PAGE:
Fast-forward to late March 2016, when Manafort became Donald Trump’s campaign manager. That lasted until Manafort’s Russian connections—specifically the August 2016 discovery of handwritten ledgers showing $12.7 million in undisclosed cash payments to Manafort—suddenly become a problem for Trump. The then–Republican nominee accepted Manafort’s resignation on Aug. 19, 2016.

A short time later, Trump won the presidential election, an event that surprised many, including perhaps even Trump himself. Consequently, key figures in the Trump campaign began to receive a level of scrutiny they likely hadn’t anticipated. A short time after the election, Manafort and Gates responded to FARA’s request for an explanation of their activities. No doubt aware of their quandary—they should’ve registered but didn’t—Manafort and Gates sought legal help, and so it was their attorney who responded to FARA three times: on Nov. 23, 2016; Feb. 20, 2017; and June 27, 2017.

The problem here was that some of these letters made badertions that turned out to be, from the vantage of the special counsel’s office and then the judge, quite false. As Judge Howell characterized it, the “2017 FARA Submission attempts to paint the Targets as mere spectators in a game when they actually were integral players.” Judge Howell notes that the special counsel’s office wasn’t seeking confidential notes or discussions between counsel and her clients. Mueller and his team merely wanted to confirm facts she had pbaded along as having originated with Manafort and Gates. To put it another way, Mueller is asking the judge to get him answers to simple questions about whether Manafort and Gates lied to counsel and whether counsel in turn pbaded those lies along.

In her opinion, Judge Howell says she’s well aware of the centrality of the attorney-client privilege. “The attorney-client and work-product privileges play vital roles in the American legal system, by encouraging persons to consult freely and candidly with counsel, and counsel to advocate vigorously on their clients’ behalves, without fear that doing so may expose a client to embarrbadment or further legal jeopardy,” she writes. She pits that privilege, though, against the need to have grand juries do their work, noting that they are “an essential bedrock of democracy, ensuring the peoples’ direct and active participation in determining who must stand trial for criminal offenses.”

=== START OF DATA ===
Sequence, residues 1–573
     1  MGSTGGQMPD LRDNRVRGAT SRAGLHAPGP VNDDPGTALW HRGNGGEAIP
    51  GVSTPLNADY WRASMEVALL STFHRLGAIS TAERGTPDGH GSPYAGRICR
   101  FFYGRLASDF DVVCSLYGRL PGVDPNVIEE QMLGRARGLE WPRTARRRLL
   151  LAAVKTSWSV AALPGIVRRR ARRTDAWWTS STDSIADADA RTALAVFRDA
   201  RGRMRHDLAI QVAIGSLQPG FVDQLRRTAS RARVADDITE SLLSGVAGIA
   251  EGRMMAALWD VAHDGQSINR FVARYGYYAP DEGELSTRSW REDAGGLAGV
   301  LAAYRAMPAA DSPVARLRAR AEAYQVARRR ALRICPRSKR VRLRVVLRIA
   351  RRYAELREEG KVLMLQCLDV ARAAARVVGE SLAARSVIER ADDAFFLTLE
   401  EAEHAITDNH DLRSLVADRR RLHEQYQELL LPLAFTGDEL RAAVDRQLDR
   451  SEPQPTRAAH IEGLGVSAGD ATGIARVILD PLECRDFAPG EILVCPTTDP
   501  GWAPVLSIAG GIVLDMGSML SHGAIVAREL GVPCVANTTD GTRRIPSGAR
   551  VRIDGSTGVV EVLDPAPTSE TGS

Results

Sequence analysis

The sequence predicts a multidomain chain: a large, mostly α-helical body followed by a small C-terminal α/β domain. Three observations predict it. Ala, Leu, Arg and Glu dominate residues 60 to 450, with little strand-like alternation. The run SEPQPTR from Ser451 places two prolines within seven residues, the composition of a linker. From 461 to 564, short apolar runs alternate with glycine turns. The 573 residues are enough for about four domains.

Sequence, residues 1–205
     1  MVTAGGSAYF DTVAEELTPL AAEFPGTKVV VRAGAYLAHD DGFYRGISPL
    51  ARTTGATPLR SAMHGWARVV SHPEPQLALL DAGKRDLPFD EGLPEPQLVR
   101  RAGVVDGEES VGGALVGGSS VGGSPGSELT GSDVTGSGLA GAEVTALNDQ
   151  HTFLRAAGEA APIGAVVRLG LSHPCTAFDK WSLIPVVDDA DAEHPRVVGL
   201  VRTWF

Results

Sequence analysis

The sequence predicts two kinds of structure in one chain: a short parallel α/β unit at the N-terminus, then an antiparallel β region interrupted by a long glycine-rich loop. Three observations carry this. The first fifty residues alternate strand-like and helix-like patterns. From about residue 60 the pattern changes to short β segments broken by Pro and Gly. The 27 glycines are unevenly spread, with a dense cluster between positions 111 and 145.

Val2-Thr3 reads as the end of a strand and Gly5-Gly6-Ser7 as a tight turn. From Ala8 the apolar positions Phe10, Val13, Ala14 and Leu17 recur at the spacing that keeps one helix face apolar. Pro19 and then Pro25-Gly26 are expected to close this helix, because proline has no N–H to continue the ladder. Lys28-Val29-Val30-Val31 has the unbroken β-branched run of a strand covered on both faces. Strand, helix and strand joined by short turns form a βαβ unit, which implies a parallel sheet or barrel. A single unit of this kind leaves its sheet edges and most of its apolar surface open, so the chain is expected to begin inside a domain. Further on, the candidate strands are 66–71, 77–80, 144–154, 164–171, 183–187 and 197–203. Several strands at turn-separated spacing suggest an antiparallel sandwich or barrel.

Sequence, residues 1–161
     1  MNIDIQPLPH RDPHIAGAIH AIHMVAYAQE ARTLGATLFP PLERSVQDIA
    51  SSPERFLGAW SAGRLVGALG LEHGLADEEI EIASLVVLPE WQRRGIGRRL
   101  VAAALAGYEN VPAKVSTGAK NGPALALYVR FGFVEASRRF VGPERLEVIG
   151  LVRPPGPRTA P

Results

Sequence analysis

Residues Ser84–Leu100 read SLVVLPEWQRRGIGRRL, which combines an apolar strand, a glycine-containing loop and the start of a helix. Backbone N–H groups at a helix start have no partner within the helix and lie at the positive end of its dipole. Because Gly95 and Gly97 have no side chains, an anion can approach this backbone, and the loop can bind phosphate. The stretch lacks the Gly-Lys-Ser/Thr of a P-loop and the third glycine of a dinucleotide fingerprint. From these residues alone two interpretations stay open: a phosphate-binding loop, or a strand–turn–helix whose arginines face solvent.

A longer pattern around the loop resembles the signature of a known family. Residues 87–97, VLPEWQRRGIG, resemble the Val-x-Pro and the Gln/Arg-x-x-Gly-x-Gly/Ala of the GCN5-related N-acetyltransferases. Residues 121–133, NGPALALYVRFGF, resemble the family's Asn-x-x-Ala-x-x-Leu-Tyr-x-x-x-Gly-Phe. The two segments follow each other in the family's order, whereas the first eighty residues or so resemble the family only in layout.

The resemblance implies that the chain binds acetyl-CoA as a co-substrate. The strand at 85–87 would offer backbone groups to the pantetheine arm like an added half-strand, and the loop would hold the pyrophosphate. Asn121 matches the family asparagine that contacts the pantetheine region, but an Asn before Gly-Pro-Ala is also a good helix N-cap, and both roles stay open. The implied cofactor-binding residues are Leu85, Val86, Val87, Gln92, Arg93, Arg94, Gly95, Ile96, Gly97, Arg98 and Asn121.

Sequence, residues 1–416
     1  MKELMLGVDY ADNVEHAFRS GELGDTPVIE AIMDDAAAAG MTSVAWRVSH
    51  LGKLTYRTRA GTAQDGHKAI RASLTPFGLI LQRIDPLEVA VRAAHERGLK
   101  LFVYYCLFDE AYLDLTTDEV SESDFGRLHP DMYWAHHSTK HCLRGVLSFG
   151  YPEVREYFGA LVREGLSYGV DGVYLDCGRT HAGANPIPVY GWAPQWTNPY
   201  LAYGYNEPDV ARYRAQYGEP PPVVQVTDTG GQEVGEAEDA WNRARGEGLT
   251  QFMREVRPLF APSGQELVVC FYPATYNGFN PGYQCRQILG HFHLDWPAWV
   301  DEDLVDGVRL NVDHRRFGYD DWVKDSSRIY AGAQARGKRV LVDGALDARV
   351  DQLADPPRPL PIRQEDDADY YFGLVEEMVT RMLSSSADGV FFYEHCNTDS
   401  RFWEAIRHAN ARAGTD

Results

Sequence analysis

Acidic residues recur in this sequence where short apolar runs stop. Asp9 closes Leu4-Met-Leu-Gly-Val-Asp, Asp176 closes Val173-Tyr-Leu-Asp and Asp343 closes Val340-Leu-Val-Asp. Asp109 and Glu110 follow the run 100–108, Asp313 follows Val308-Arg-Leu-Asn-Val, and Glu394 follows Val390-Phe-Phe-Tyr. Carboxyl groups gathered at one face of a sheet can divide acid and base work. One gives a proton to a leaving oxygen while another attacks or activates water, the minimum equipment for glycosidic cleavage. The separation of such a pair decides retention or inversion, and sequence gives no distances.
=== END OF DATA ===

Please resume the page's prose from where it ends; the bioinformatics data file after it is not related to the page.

The nature of counts 11 and 12 of the indictment—lying, falsifying, and misleading the government—went a long way toward dictating the availability of the crime-fraud exception, which requires a showing that the engagement of legal advice was to further a “criminal or fraudulent scheme.” The evidence suggests Manafort and Gates planned to lie and decided that having a lawyer do that lying for them might help shield them from prosecution. But in so doing they made it easy for Judge Howell to find the requisite nexus between the crime—the lies—and the crime-fraud exception. In addition to allegedly laundering money through Cyprus corporations and Hamptons landscapers, Manafort is effectively being called out for laundering his alleged lies through his attorney. (It’s worth noting that it’s not Manafort and Gates’ attorney who is on the hot seat here. That’s largely because the crime-fraud exception applies when the crime in question involves lying to the government and your attorney is merely a conduit for those lies.)

Assuming the indictment’s accuracy, Manafort has been a modern-day version of Henry Hill in Goodfellas: accepting millions of dollars from dictators, funneling that cash through dozens of foreign corporations, and buying up the good life here in the states (one can never have too many $1,000 neckties). High risk, high reward, and … wait, is that helicopter following me? It shouldn’t surprise anyone, then, to see Manafort allegedly playing fast and loose with his own lawyers. Like his former boss, Manafort seems to hold the view that attorneys are hired help, good for emptying ashtrays and pbading along lies.